I find it interesting – and not in a good way – that I’m often viewed as ‘white’ and my opinions discounted as ‘white privilege’ or because I couldn’t possibly understand what racism is like (directed towards me or even in a general sense). First of all, it’s ridiculous to think that a ‘white’ person has never been subjected to racism, in any country. And to take that point a little further, the comments are often so focused on location – trust me, if you travel to another country, ‘white’ may not be the majority and racism happens everywhere.
While I understand that Twitter limits your arguments to 140 characters, I’d love for people to see outside of their immediate space – which is often America for those I read most often recently – and try a worldview perspective. Racism, even institutional racism, isn’t just by ‘white’ people against people of colour… not if you are in another country.
But more than anything, it’s odd to me being seen as ‘white’ as an adult when I was often viewed as ‘other’, although not always in a bad way, as a child and teen. I’m mixed race (Caucasian and Native Canadian) but seem to appear to be more ‘white’ as I age. And yeah, I know I look white and therefore I’m often treated as such. I acknowledge that I’ve benefited from ‘white privilege’ regardless of the fact that it wasn’t sought.
I just don’t understand why we still need to see colour, why we need the ‘us vs. them’ mentality? Maybe that’s why I check the “Other” box on forms or fill them in with “Canadian” as my race. I wonder what would happen if more people stopped hyphenizing themselves and just saw others as ‘people’. I don’t know but I would love to find out.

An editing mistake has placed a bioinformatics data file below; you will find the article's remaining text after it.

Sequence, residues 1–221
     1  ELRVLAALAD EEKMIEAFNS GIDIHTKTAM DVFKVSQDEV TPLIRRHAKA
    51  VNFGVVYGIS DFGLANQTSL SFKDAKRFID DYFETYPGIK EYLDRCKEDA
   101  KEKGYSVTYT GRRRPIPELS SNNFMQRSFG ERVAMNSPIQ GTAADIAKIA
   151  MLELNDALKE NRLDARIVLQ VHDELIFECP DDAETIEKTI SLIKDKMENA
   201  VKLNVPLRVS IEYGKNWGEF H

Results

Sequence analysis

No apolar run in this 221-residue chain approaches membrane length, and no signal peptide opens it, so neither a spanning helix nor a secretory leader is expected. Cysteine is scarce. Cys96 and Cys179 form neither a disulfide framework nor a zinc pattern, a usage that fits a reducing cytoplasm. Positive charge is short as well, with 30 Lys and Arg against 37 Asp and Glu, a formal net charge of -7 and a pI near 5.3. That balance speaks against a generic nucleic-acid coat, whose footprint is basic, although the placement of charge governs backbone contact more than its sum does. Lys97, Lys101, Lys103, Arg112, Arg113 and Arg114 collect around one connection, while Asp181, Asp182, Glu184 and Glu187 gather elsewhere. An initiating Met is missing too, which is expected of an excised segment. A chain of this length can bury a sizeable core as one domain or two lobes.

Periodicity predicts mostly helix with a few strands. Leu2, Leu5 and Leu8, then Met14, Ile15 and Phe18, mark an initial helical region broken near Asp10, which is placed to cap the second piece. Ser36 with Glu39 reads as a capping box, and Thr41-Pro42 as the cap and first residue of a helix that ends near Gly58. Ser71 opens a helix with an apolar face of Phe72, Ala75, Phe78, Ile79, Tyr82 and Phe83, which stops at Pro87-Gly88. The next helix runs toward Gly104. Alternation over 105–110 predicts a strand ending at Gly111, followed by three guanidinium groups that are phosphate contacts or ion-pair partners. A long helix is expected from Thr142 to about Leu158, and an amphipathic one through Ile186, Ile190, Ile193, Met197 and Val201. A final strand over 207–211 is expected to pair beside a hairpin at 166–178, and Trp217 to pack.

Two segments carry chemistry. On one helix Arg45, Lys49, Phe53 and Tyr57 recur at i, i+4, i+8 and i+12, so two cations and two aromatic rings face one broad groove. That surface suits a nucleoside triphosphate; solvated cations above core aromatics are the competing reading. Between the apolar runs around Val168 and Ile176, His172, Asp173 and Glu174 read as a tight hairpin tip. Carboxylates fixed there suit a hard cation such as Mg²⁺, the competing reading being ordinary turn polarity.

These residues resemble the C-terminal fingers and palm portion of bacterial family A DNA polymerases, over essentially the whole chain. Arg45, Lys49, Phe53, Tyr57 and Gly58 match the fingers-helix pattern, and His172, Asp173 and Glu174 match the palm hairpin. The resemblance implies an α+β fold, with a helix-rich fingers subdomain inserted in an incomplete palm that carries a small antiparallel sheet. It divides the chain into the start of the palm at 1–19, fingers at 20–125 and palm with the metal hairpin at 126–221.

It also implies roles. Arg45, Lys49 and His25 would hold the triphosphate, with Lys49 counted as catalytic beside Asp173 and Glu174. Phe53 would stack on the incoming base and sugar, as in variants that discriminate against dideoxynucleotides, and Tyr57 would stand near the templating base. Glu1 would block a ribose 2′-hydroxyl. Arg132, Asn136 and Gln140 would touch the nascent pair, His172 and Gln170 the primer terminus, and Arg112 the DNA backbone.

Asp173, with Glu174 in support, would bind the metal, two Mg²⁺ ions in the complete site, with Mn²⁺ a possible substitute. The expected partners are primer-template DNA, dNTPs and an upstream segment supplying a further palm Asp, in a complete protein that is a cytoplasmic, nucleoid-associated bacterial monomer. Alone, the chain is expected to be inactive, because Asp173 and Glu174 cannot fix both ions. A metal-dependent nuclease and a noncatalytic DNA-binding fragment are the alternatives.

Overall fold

But even that concept – just seeing people as people – has its detractors. I’d love to have a debate about why being colour blind is a bad thing. To my way of thinking, it’s a good thing and I wonder how many other mixed race people would agree with me? Because I more often than not feel like I am neither and yet both. I’ve read a lot recently about the importance of seeing others like yourself in popular culture (read: TV and film) and the media for developing an identity. Hm, can anyone point out someone who’s a half English/Scottish/Irish, a quarter German, and a quarter Ojibway… with a dash of French thrown in somewhere?
Which is why I am truly confused as to why being colour blind or seeing everyone as the same is bad. And no, I don’t mean everyone is exactly the same – obviously some people are smarter, better at sports, or have more charisma, etc. – but rather that everyone should be treated with the same level of respect/courtesy and given the same opportunities unless they prove otherwise. A utopia? Perhaps but isn’t it something we should aspire to?
And no, I don’t mean assimilation – I certainly don’t want everyone to become cookie-cutter versions of anything. How boring. But rather wouldn’t it be fabulous if we could celebrate our differences without using them to set us apart and create dissension? To see those around you as people who matter and deserve respect first, and differences in race, religion, nationality, etc. second… Perhaps not to be truly colour-blind as differences make us unique but for the difference to truly not matter. Isn’t that something worth striving for?
Regardless, as long as there are people who are willing to learn about others, think and speak rationally about whatever they are discussing, and be open to new things… then there is hope.